Blog Engines (Part 2)
If you’ve noticed, Part 1 is limited to closed-source blogging engines. I opted to separate the open-source list to give everyone a perspective of what they’ll be getting on both sides and help you decide which source and engine will work for you.
Serendipity, often called s9y, is a good choice over the competition. Ffeature-rich, smooth, and well structured Serendipity features an option to easily exact changes to your blog without editing your template file. This is ensures that a non-technical user will not risk accidentally delete any essential part of the template. Serendipity has a very good plugin management system to control what plugins are installed in the sidebar and how they are ordered. The main problem of s9y is the lack of plug-ins and its heavy weight in terms of bandwidth. However, Serendipity is a neat and very nice blogging tool for those who expect something more than just a blog. In Serendipity, you will have full control over plug-in development and management. This blog engine is compatible with different kinds of database servers like MySQL, PostgreSQL, etc.
Another promising blogging engine is boastMachine. Built-in features that would easily call up attention include rating of posts, a spam filter, an image manager, etc. which are available via plug-ins in other blogging engines. In comparison, boastMachine is a lightweight engine which places an updates page for your company as one of it’s better applications. The main drawback of boastMachine is its incompatibility with plug-ins. Being comparatively new, boastMachine still lacks a large user community and online help.
Primarily categorized as a Content Management System, Drupal is actually written by bulletin-board system, kinda way off isn’t it? It’s a system with very strong architecture featuring plug-ins and themes. Drupal has a huge user community and excellent documentation. Because Drupal’s main goal is just blogging, it has plenty of modules that are best suitable for a website. Drupal also has integrated modules like e-commerce, photo gallery, CVS integration, and mailing list manager. The Drupal administration panel is quite heavy and confusing, a common complaint to everyone new to the system but it allows for so much more customization. Because it was intended for multi-users, Drupal includes a wide variety of logs. Aside from the general status report, Drupal includes logs for recent hits, “access denied” and “page not found” errors, and top referrers, search phrases, and visitors, information available to my SlimStats plugin in WordPress.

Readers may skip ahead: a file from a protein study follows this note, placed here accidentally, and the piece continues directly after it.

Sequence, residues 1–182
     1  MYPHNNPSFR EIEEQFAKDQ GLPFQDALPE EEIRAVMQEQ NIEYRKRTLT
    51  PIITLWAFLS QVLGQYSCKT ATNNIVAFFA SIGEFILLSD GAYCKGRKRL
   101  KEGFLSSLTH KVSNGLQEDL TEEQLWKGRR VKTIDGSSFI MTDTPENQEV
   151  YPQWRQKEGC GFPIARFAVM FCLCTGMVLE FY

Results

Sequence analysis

Another engine built with multi-user blogging in mind, b2evoution features auto-installation with minimum hassle. The separate entities of each user allows muti-skin (one skin for each user) and multilingual support. It’s a feature-rich blog, with features like file and photo management engine that’s easy to use. b2evolution supports a plug-in architecture. Its administration panel is rich but very confusing.
Nucleus CMS is also a popular Content Management System. Like the two before it on the list, it is more than a blog engine. Nucleus also supports multi-lingual and multi-author blogging environments. Features are the availability of a huge number of templates and plug-ins, an easy administration panel, easy syndication support, etc. Nucleus exposes a rich set of APIs to extend it via plug-ins. Administration of Nucleus is more complicated than that of other blog engines.
Textpattern is another lightweight blog engine that is compatible with plug-ins. Its main goal is to be a general-purpose CMS system. Textpattern supports multi-lingual blogging via UTF-8. Its feature-richness (many of the features already mentioned above), broader flexibility for design through its integrated sections. and easy administration makes it a very strong competitor. The biggest difference between other blog engines and Textpattern is the templating. Where in Textpattern it?s just HTML and txp:tags, in others there?s also PHP in the mix. That means that you can usually count on swapping templates and not having anything blow up. Textpattern has no problem with having blog and non-blog content side by side.
WordPress is comparatively more lightweight than many of its siblings. It is a feature-rich, well-structured blogging engine that has a huge user base. WordPress is one of the best documented blog engines and coupled with a huge contributing community, troubleshooting any problem is just a search away. Out of a fresh install, WordPress blogs have barebones functionality, with only the most essential features enabled. Further features can be implemented via widgets and plugins. Like the rest of the entries posted here, as a worst-case scenario, if you can’t find any plug-in that fulfills your need, you can develop one of your own via WordPress’ documentation and plug-in API.